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Two Planes Collide; 5 Dead

January 21, 1987

INDEPENDENCE, Mo. (AP) _ A military plane and a private plane collided over the sprawling Lake City Army Ammunition Plant on Tuesday, killing an Army general and the four other people aboard the two aircraft, authorities said.

Brig. Gen. David H. Stem, commandant of the military police school and deputy commandant general of Fort McClellan, Ala., was presumed dead pending positive identification of remains, an Army spokesman in Washington said Tuesday night.

The spokesman, Maj. Bill Auer, said Stem was the only passenger aboard a military aircraft en route from Fort McClellan to Fort Leavenworth, Kan. The pilot, Maj. Michael G. Johnston, 36, of Alexandria, Ala., was also presumed dead, as was the civilian co-pilot, whose name the Army said it would release Wednesday.

Auer quoted Maj. Gen. Gerald Watson of Fort McClellan, Ala., as saying the aircraft was from the Anniston Army Depot in Anniston, Ala.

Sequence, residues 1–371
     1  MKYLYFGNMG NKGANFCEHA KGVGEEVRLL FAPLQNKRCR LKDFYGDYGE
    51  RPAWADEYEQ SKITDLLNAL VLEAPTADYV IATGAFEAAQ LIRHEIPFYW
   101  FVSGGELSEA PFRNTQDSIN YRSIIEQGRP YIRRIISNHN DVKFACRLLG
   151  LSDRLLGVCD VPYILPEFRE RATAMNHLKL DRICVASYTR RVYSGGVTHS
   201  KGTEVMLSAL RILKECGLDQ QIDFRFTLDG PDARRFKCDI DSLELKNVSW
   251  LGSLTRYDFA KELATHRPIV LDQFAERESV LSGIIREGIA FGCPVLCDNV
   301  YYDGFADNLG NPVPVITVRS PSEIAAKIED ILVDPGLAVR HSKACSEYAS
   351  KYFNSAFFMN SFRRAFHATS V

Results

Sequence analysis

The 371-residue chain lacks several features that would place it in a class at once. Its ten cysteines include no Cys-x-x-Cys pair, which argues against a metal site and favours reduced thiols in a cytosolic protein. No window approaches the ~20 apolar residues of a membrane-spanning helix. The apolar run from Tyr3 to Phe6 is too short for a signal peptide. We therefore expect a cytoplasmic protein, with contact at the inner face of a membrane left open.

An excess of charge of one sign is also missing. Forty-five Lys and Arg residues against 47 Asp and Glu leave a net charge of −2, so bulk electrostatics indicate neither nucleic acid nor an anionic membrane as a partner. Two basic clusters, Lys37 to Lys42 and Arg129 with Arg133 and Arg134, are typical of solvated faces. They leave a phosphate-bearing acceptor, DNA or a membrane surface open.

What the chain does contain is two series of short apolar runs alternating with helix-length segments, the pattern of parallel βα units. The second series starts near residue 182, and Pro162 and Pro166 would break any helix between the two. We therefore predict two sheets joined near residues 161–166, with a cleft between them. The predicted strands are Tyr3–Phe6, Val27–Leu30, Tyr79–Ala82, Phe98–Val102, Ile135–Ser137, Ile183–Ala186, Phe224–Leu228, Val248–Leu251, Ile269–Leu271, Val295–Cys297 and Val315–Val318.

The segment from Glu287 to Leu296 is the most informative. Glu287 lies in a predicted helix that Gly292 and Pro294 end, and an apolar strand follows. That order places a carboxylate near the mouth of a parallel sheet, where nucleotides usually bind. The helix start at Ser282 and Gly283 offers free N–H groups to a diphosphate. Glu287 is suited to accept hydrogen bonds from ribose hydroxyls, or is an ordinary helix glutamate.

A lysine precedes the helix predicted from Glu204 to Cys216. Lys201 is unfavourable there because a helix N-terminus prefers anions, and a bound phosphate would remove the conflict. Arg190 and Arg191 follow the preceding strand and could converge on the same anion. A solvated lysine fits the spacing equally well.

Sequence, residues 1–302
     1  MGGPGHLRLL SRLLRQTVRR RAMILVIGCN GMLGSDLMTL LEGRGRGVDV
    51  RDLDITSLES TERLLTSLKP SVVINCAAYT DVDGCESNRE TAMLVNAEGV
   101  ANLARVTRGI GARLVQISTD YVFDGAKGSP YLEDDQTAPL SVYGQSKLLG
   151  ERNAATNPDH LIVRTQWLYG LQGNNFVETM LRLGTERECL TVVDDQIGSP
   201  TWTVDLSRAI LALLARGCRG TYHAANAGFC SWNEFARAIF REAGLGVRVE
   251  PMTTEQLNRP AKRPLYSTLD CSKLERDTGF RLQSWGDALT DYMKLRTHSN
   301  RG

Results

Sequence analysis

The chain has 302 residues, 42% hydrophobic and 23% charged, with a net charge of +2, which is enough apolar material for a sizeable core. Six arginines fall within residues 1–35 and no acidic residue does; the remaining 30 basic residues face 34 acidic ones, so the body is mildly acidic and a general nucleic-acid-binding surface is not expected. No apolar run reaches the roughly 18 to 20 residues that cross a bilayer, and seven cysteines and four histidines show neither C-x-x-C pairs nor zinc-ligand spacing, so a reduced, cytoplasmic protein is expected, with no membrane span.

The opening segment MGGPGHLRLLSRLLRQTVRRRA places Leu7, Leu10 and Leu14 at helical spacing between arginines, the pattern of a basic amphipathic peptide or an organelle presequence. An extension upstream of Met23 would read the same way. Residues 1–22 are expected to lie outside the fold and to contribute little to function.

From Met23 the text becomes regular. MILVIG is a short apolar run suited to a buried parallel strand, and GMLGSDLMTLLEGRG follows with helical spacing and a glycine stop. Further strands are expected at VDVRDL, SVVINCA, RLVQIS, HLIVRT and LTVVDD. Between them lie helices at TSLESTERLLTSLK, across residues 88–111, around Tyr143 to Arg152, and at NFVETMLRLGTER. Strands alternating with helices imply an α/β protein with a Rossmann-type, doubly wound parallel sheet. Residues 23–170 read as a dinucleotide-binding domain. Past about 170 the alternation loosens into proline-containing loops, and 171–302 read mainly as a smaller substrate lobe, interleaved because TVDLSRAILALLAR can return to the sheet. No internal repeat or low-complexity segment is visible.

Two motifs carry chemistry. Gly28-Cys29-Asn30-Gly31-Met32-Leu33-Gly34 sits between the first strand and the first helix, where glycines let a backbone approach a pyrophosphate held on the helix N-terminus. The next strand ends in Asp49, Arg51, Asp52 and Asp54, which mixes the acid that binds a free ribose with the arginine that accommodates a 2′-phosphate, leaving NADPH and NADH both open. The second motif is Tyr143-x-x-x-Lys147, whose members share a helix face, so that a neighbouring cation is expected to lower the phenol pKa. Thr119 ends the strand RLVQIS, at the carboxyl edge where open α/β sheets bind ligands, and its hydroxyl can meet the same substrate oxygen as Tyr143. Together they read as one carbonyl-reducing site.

The crash, which occurred about 12:30 p.m. at an altitude of 7,000 feet over the arsenal east of Kansas City, involved a U-21 fixed-wing military plane and a Piper Navajo, said Lt. Col. John Garlinger, public affairs officer at Fort Leavenworth.

There were about 2,200 civilian workers on duty at the ammunition plant when the collision occurred, but no one on the ground was injured, he said.

Two people were aboard the private plane, Garlinger said. Each plane can seat up to six people. The other victims were not identified, and it was not known where the civilian plane originated.

The main part of the U-21 crashed and burned within 20 feet of a building where workers change clothes, but no one was inside at the time.

Other wreckage from the plane was scattered over an area of about one mile on the 3,900-acre ammunition plant, Garlinger said. The civilian plane crashed about 1,000 yards away.

Air space above the plant is not restricted, said Robert Houtz of the Federal Aviation Administration.

″I ... saw a bright flash and looked up and saw these pieces raining down out of the sky,″ said farmer Glenn Van Dyke, who was driving his tractor in a field near the installation.

Investigators from the U.S. Army Safety Center at Fort Rucker, Ala., the FAA and the National Transportation Safety Board were sent to the scene.

The arsenal, which has its own security and fire departments and is located about 20 miles east of downtown Kansas City, manufactures small-caliber Army ammunition.

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